Everyone is keen to get their research published. We are excited with what we have accomplished and want to tell the world! However, a very important aspect of getting published is getting the referencing right. We have already talked about plagiarism, the issue of NOT acknowledging sources, now it is time to turn to the actual referencing that you must do.
We are always told that we have to reference, but why? These are some of the main reasons:
- To give credit to the original author
- To help others find the original source
- To demonstrate your knowledge of the field
- To give credibility to your work
- To avoid plagiarism
What should you reference?
It is important to reference anything that is not your own work or idea. This means that, to avoid too many direct quotes, we all need to learn to paraphrase. However, even if you paraphrase you need to reference the ideas, both with in-text citation and in the reference list. You must reference:
- Date of publication
- Title of the source whether journal article, book chapter, book, thesis, report, etc.
- For journals and book chapters, title of the journal or the book
- For books, reports, conference proceedings, etc. include the publisher and publisher location
- Page numbers (always in the reference list and in-text for direct quotes)
- Direct quotes with quotation marks and page numbers
- Ideas that are not general knowledge
APA referencing: The IAFOR Journal of Education style
There are many styles of referencing and different journals use different styles. This can be confusing so you always need to check any journal’s referencing style before starting to write your article. Most education journals use APA referencing, but not all, so be careful. APA uses in-text citations and an alphabetical list of references cited in the article. It is not a bibliography so literature not cited in the text does not go in the reference list. APA also does not use full Christian names for authors, footnote references, or use a numbering system. Always check that you are using the correct APA style and we recommend that you consult the Purdue Online Writing Lab (Purdue OWL) as there is a comprehensive description of APA conventions there.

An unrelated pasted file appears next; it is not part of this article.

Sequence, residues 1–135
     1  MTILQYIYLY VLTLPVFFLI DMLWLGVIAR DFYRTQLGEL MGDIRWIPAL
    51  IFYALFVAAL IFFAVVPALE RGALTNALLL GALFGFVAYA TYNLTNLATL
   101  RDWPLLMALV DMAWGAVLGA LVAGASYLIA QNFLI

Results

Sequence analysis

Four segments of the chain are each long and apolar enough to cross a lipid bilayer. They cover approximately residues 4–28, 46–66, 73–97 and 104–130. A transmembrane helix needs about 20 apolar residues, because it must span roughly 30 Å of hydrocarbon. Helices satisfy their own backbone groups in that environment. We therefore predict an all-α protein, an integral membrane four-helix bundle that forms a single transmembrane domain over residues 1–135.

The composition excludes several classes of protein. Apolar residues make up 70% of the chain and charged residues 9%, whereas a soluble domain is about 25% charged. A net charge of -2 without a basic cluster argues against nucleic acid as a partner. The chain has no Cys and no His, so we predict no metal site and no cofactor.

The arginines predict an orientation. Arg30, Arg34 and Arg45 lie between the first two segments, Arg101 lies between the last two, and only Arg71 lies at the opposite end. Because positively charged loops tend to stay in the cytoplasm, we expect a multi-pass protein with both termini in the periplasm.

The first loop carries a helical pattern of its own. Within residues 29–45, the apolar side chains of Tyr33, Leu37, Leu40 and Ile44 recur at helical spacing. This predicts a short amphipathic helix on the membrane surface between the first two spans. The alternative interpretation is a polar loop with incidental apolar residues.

Reference Managers: Beware of GIGO!
Those of you with computing backgrounds, and undoubtedly many others, will be familiar with the acronym GIGO: Garbage In, Garbage Out. This is particularly applicable in referencing if you are using a reference manager such as Endnote, Zotero or Mendeley. Reference managers are wonderful – I use Endnote myself and have used Zotero. I am not recommending any particular reference manager, but be sure that if you do it has the referencing style you need. Most of them have APA.
So why do I mention GIGO. Far too often authors rely on what their reference manager produces without checking that everything is correct on the final paper. A reference manager will put your references, both in-text and reference list, in the required style. But it can only work with the information that YOU input. If you make a spelling error, it will be inserted in your reference list. If you put the wrong page numbers, again, they will be inserted by your reference manager. And guess what: many reviewers check references and will pick up on those errors, thus reducing the likelihood of acceptance. A reference manager is ultimately only as good as the material that you input.
We look forward to your carefully APA referenced submissions,
Dr Yvonne Masters
IAFOR Journal of Education